This is worth remembering because, just like the blind fabulist’s bestiary, this video game from another timeline – that somehow ended up, all shrink-wrapped, in your mailbox – is meant to be sampled in small doses.
Otherwise, its strangeness might overwhelm players and transport them to its own alternate dimension. The value in this anthology of in-development games and half-abandoned projects doesn’t come from obsessively playing each one to the end, but rather in following the wild tangents and curious possibilities they present to you.
There are no instructions to guard the player against the compilation’s pure otherness. It’s a collection held together by the twin principles of antiquated design sensibilities and 32-bit aesthetics.
Take the pithy description of each game on the menu screen, for example. They function less as explanatory notes and more as cryptic ramblings, establishing a tone that typically phases between surreal whimsy and mounting unease. “Sauna warming simulator. Feel Finland. Finland feels you,” reads the one for Moya Horror’s Sauna 2000. Let’s see that turned into a battle royale game.
Many of these experiments, like Effigy, a fast-paced Quake homage, and Killer Bees, an atmospheric, creepypasta-inspired haunted house romp, wear the trappings of pre-millennial first-person shooters with distorted audio and textures as flimsy as cardboard movie sets.
But there are other guises, as well: Dead Heat reimagines Resident Evil as a futuristic, noirish adventure; the unclassifiable Erasure brands itself onto your brain like a glitchy wetware fever dream; while Tasty Ramen is 3D Pac-Man, only you’re chased around a supermarket by a broth with an acute sense of hearing.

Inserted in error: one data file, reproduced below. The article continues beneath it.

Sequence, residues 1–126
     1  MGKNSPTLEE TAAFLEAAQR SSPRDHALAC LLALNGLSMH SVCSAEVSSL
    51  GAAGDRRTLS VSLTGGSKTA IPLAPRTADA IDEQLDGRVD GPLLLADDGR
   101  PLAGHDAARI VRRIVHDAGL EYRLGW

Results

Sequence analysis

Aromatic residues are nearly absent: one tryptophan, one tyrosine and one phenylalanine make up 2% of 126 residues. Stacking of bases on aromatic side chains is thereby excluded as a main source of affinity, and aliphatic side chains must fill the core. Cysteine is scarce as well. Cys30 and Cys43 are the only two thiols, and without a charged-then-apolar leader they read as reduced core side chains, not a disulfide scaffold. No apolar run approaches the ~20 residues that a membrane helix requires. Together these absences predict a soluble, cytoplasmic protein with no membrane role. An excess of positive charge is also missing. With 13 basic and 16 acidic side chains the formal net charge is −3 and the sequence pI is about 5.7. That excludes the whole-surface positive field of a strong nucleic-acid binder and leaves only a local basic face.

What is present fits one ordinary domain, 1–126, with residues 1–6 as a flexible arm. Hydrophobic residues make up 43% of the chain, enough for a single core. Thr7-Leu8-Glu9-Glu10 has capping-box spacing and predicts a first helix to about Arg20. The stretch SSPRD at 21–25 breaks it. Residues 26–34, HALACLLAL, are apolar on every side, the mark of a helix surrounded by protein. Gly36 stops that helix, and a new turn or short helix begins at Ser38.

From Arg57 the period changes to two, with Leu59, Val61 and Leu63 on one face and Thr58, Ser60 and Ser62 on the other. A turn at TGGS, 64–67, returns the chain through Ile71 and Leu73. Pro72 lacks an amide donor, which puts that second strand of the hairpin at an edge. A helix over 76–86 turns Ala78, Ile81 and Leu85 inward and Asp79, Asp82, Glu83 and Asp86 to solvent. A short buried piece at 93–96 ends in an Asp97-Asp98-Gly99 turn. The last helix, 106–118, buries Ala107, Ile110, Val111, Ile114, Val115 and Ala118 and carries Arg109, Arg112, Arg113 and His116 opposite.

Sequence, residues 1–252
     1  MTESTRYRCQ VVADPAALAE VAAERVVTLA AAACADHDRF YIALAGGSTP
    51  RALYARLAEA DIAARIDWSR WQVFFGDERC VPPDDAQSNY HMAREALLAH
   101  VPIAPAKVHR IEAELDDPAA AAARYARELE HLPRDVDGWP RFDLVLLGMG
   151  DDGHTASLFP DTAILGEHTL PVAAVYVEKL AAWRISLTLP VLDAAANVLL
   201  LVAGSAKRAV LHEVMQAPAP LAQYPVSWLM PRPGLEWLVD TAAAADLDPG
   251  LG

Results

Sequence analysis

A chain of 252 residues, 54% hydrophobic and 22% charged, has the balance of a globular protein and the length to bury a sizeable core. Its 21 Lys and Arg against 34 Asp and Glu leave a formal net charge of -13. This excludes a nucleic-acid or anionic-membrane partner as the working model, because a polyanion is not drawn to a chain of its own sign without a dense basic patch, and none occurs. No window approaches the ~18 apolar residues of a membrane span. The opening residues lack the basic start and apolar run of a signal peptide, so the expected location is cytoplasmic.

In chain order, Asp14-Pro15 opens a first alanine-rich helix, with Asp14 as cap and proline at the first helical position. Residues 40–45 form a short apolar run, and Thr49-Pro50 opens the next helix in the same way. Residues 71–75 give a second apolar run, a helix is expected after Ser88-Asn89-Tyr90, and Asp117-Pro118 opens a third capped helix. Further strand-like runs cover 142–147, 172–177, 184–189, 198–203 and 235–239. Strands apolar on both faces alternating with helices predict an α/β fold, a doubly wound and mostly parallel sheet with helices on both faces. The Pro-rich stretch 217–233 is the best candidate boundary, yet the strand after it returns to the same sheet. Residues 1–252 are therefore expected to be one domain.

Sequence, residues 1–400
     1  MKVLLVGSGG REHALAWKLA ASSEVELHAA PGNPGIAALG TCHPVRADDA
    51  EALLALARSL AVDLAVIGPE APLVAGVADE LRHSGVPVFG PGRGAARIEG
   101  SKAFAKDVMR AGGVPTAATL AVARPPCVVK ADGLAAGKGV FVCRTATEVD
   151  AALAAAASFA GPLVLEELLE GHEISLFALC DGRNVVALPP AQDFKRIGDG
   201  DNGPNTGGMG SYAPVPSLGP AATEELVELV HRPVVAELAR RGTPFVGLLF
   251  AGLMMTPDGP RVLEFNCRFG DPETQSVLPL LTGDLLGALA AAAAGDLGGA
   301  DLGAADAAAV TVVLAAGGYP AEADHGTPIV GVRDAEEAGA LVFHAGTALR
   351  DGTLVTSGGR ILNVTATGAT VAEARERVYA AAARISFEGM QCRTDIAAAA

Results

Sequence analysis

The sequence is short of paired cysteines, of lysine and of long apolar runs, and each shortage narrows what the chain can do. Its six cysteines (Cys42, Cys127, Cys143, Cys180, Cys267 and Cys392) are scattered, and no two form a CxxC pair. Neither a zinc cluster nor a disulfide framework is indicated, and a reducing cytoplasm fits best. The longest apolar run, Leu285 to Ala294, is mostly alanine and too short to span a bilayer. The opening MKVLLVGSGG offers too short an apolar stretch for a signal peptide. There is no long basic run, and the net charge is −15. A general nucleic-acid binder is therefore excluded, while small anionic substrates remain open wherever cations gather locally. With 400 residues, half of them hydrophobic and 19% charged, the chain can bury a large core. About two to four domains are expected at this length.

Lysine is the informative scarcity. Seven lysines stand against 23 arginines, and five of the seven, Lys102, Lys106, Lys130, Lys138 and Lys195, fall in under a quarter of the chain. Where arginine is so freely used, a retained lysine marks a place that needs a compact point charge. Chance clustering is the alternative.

Not everything in here is a diamond in the rough – several offerings cling a bit too warily to familiar video game conventions. But there are also glimpses of true brilliance to be found among the more pedestrian inclusions, the retro shooters, and the moody explorers.
The woods around Ode to a Moon’s rural town are painted in such a dazzling kaleidoscope of otherworldly colour that the game’s Lovecraftian apocalypse pulses with sublime beauty. And Dread Delusion’s imposing fortress holds mysteries that stick with you long after the audio-visual novelty factor has worn off.
In fact, judging each game on their respective individual merits might be missing the point altogether, because the overall impact of Haunted PS1 Demo Disc benefits immensely from its variety. It’s a poignant reminder of what our industry of sprawling open worlds and 4K visuals has been missing.
It’s a wondrous artefact from a neighbouring universe where games got stuck in 1999 and Sony, Nintendo, and Microsoft all went out of business, leaving only a few creaky PlayStations and some seriously eccentric developers to cater for these dying consoles. They probably live in lighthouses, too.
Play Haunted PS1 Demo Disc free, right here.
What if, instead of Resident
Evil 8, we were eagerly anticipating the next Dead Heat instalment? What if the industry had been transformed a decade ago, not by Dark Souls but by Dread Delusion? The collection’s most fascinating aspect is the way it compels you to visualise a radically transformed gaming landscape.
Uneven, like all anthologies, but overall an essential experience for anyone interested in the medium.
Format: PC (tested)
Release: Out now